SI’s Miles Jacobson highlights the impact of PC piracy with numbers

At the London Games Conference which took place last night, Sports Interactive’s Miles Jacobson detailed the impact of PC piracy on the super popular Football Manager series and the numbers make for some interesting reading.

According to Jacobson, who uses the Football Manager 2013 release as the example, the game remained uncracked for a total of 191 days which resulted in a sales increase of 4.9% which would equate to $886,000. Quite a chunk of change I think you’ll agree.

Tracking the pirated version of FM 2013 they discovered that around 10,000,000 unique IP addresses were running a dodgy copy. Digging deeper into the IP addresses they also discovered that 18% of these went on to play the game five times or more.

How did that impact the rate at which legitimate copies were activated? The activation rate fell by 17% once the crack became available. Running the numbers, Sports Interactive believe that 1.74% of the illegal downloaders would have actually purchased the game if that crack had not been made available.

In sales terms, when the crack was not available, there was an uplift of 144,000 units and a loss of 32, 000 when the crack appeared on the scene. If the crack had never surfaced that would mean that there would have been 176,000 in unit sales. As they point out that’s “a potential variance of $3,700,000 in net revenue”. That’s a large sum that I’m sure SI would rather have banked to improve and grow their business.

Now let’s do some finger pointing and look at the worst offenders for piracy. This table was produced by SI based on the data they gathered.

Top 10 territories for piracy


Illegal downloads

Legitimate activation in the post-crack period


















South Korea


– 50%




+ 7%




– 37%




– 59%




– 91%




– 58%

Legitimate Activations by territory

Si Piracy


Piracy is always going to be a problem, it’s been an issue for game developers for decades and it’s not going to go away. There simply has be a better understanding of the impact that lost sales has on a game developer and look the best way to tackle it.


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  • sorudo

    they are forgetting a big part of this scale that should be considered, allot of these players who downloaded the game illegally would actually never have bought the game to begin with.
    also, allot of the illegal players become legal players because they know what they game is and bought it afterwards, a fact that is true even till today.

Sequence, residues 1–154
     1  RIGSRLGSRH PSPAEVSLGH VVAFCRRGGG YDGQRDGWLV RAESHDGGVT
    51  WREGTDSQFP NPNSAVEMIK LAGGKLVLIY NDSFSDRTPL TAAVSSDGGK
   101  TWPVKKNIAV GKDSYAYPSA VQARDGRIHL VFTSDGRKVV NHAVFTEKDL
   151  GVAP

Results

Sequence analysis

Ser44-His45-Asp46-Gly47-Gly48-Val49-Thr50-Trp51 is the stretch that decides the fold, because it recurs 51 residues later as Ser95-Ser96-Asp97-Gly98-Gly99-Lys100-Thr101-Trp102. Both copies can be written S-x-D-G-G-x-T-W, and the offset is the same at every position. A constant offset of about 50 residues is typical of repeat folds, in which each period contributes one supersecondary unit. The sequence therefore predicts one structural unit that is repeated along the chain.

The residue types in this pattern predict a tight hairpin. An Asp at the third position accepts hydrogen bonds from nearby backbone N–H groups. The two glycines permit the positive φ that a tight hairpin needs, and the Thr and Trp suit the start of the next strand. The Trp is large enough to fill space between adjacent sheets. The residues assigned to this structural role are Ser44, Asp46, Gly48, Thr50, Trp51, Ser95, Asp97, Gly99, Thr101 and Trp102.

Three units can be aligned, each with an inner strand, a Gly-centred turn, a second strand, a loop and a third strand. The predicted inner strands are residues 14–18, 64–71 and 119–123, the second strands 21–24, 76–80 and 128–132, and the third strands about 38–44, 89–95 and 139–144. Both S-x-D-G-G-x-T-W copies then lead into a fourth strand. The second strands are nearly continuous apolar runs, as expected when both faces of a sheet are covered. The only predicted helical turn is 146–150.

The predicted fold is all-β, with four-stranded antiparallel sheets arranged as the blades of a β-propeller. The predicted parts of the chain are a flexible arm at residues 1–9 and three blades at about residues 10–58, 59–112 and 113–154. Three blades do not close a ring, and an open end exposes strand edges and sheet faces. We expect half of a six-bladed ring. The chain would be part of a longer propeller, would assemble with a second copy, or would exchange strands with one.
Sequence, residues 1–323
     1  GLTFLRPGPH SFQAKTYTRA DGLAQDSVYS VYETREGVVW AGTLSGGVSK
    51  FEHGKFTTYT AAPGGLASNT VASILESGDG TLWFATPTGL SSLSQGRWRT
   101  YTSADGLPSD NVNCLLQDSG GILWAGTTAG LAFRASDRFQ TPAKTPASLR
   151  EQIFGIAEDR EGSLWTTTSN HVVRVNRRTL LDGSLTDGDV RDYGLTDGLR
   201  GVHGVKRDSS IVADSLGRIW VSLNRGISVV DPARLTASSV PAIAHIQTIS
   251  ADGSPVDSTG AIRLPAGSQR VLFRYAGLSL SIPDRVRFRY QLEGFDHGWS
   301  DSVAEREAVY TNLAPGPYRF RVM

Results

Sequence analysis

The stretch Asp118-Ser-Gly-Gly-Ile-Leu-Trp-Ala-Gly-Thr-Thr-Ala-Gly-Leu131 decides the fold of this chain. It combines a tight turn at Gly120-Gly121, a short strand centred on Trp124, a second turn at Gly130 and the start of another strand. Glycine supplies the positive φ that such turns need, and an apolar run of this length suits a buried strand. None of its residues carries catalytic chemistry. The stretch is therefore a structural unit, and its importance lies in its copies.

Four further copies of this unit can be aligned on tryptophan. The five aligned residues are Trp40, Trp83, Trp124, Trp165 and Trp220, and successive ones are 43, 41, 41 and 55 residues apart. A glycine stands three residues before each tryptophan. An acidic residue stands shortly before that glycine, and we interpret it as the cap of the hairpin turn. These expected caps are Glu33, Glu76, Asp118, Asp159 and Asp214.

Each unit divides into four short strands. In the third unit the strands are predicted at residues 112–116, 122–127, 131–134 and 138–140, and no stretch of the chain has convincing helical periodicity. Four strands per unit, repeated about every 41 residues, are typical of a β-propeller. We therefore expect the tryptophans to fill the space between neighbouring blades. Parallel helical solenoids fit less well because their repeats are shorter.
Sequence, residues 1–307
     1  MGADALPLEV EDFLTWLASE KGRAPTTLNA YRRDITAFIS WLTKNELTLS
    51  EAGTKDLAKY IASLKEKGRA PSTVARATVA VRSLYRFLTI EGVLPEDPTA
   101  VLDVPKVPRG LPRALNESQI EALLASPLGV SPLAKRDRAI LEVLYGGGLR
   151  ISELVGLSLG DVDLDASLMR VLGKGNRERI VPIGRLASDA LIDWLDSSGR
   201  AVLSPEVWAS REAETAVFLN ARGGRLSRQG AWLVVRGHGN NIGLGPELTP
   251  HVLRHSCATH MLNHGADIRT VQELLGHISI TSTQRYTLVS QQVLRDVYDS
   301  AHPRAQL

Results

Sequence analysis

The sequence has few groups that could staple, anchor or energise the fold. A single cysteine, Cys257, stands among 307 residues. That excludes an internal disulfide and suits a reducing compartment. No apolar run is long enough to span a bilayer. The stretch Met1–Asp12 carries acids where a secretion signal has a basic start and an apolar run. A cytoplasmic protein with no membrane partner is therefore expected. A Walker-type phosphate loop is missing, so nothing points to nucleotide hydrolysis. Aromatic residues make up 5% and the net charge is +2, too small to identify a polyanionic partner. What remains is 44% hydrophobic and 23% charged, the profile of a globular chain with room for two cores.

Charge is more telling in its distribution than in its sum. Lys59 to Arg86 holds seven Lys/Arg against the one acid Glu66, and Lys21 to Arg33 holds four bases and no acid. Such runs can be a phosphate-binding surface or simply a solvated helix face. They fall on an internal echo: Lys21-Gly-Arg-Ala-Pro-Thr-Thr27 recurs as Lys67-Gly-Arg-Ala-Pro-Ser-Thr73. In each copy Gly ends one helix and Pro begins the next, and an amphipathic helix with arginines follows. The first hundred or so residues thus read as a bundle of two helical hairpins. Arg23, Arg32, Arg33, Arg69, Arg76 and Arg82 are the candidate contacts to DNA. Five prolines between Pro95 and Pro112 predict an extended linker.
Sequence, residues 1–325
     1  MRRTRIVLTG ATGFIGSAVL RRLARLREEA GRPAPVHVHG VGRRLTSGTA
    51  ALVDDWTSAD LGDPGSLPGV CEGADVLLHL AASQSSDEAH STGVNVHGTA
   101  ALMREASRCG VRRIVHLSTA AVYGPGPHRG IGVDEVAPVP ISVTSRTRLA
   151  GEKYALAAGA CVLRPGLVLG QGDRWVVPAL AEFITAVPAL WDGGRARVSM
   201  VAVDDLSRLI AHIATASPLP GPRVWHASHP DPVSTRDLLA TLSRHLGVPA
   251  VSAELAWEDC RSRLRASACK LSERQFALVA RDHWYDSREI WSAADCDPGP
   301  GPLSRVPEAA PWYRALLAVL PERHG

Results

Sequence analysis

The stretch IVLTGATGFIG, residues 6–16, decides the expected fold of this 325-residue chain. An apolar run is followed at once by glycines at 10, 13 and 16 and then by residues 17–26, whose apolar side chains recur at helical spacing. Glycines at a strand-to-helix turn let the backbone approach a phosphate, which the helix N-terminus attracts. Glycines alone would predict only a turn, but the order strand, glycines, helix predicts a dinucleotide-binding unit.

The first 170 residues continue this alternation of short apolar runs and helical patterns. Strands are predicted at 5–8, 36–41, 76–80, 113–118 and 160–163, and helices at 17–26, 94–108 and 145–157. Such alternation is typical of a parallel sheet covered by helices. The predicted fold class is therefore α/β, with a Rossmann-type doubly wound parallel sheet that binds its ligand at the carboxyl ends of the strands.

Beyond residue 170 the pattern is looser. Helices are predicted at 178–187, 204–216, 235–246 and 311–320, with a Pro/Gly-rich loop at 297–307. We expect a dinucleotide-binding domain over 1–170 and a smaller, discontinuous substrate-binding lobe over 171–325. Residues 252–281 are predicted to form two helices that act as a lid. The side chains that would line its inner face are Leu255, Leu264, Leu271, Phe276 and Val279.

so to conclude, let’s take a rough number out of the illegal chunk and see 35% at least from there “lost” revenue, they ether already bought the game or never wanted to spend money on that game.

    • Tim McDonald

      They… didn’t forget that, though.

      “Running the numbers, Sport Interactive believe that 1.74% of the illegal downloaders would have actually purchased the game if that crack had not been made available.”

      By implication, that means they reckon 98.26% of the people who played the illegal version would never have bought it anyway. Without knowing what those calculations were it’s hard to argue whether that’s accurate or not, but that’s a hell of a lot lower than most developers and publishers would say.

      As for some players buying it because of the cracked version, that’s also fairly difficult to track… but the table in this piece shows that Italy, at least, had MORE people buying the game once the cracked version was available. These things were presumably taken into account, although again, it’s hard to know how accurate these are.

  • DavidTheSlayer

    Even console games are obtained illeagally due to piss poor service either by lack of translation or marketing efforts, so it’s the same on both sides as I personally found in China.

    However most developers that have decent games are still in profit to this day, but the UK government doesn’t really help with expensive employee labour and costs despite previous iniatives. On the customer hand, I remember the days when one could get a demo rather than buying a full £30-40 game now and having it released a very poor state. It would allow people to see if COD would really run without error of RAM and hardlock FOV, than paying for game and getting the middle finger. A quality release means more people buying a game, a shit one and well, they only have themselves to blame.

    Going by the chart above ISP’s actually suck by hammering everyones speed with a global hammer and stupid Internet bills when they should be focusing on those worst offending countries instead and developers need to work on proper global distribution and translation where needed. Even some game devs champion DRM free and it works – if your game is good.

    On the China note, they have rather strict import policies, so it’s the same in every industry, if you treat one region over the other instead of a simulatanous release, you will lose sales. For smaller developers/film makers that is part of every industry, for the bigger ones, they’ve really got no excuse in a proper quality release world-wide.